SMC seniors partake in ‘Real World’ lessons
Laura Baumgartner | Thursday, November 30, 2006
Saint Mary’s seniors stepped out of the academic environment Tuesday night, sampled some delectable treats and learned some valuable life lessons along the way.
Chefs and a sommelier tutored 30 College students about the arts of cooking and fine wine Tuesday night in the Noble Family Dining Hall.
The event – sponsored by the senior board’s “Real World” committee – was created in an effort to provide activities for seniors that would ease the transition into post-graduate life, senior class president Kat Kindt said.
The night began with a lesson in salad dressings and appetizers as Sodexho executive chef Patrick McGarry taught students how to properly create a balsamic vinegar reduction, which was sampled on strawberries and a Caprese salad.
McGarry said he was inspired to become a chef at a young age – a dream he attributes to his mother, who put him in charge of cooking dinner while the family was at work.
“We wanted to be able to sit down and have [a family dinner] experience together, and I thought it was fun because they always enjoyed it,” he said.
McGarry – who created the menu and a recipe booklet for the event – said teaching a cooking class at Saint Mary’s was something he has always wanted to do.
“A cooking class is for anybody who has the desire or wants to learn different things about cooking,” he said. “That’s my passion, so I want to spread that.”
The main course of the evening was tortellini with Italian flavored chicken, vegetables and a homemade Alfredo sauce. McGarry selected several volunteers to assist him with the preparation of the sauce while the remaining students observed the process.
Seniors Courtney Johnson and Anne Cusack were two of the volunteers who participated in the hands-on instruction.
“As graduating seniors, it’s great to have formal instruction on how to cook,” Johnson said.
Cusack also felt that the class was beneficial.
“This is the best event I’ve been to at Saint Mary’s yet,” she said, “I learned so much.”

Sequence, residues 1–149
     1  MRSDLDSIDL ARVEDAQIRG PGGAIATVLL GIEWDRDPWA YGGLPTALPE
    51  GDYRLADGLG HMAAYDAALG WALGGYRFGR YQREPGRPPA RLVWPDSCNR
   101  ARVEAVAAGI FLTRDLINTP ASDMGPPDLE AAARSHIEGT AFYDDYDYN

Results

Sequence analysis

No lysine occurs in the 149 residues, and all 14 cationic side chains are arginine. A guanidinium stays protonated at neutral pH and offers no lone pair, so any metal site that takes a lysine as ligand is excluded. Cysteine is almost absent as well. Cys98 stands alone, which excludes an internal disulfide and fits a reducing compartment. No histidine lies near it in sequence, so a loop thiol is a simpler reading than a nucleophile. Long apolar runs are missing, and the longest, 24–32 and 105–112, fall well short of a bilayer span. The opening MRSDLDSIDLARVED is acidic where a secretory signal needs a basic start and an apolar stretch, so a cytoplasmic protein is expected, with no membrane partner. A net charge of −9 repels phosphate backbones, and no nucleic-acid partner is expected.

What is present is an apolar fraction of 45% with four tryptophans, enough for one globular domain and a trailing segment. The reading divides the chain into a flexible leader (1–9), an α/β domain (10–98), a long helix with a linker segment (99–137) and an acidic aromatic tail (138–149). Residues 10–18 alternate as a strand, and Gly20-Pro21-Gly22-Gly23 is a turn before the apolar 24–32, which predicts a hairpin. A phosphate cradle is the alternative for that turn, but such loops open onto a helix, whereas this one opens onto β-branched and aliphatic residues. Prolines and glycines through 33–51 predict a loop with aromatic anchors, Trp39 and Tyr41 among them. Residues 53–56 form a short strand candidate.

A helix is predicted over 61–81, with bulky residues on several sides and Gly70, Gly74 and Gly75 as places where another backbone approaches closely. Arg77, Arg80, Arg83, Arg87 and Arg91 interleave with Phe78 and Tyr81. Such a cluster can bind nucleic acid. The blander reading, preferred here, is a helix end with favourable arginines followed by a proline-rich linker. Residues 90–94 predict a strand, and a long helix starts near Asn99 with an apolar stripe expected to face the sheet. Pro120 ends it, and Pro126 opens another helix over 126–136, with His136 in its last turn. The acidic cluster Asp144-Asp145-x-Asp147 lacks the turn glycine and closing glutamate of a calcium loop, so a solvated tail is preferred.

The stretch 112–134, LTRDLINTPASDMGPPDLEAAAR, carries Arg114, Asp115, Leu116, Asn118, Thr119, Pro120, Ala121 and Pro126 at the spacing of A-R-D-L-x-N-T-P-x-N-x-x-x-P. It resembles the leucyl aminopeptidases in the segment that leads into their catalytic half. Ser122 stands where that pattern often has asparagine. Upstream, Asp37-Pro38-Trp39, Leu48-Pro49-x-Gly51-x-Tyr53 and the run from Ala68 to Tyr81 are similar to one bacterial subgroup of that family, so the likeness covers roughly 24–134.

Chef Jake Tannehill said the key to making this event a success was teaching students how to make meals they may have originally thought were too complicated or difficult.
“We want to get the knowledge out to people about how simple things can really be,” he said. “You can make something different by doing something really simple.”
Receiving instruction on new and almost effortless skills was the highlight of the event for many of the seniors.
“I liked learning about the different techniques and learning how you could spice up a dish with something really simple and easy,” senior Ashley Oberst said.
While students sampled the meal, they also received a lesson in wine tasting from sommelier Kevin Hogan.
Hogan began his career in the wine industry in 1989 with Gallo Wines and now owns The Vine and Spirit wine shop in South Bend, from which he donated a white, red and dessert ice wine for the tasting.
Hogan provided instruction for properly storing and tasting wine, including a demonstration on swirling wine in the glass to promote oxidation – a task that enhances the wine’s flavor, he said.
“[This] was a great way to bond with everyone and it was neat to be able to try all the different wines,” senior Maggie Oldham said.
For dessert, students learned how to make bananas foster and take a plain angel food cake and make it more unique by toasting it and topping it with chocolate sauce, whipping cream and toasted coconut.
Kindt said she felt everyone involved thought the cooking class was a success.
“We’re doing it again next semester,” she said. “What more needs to be said? We had a great response and I feel sorry for the people who didn’t come.”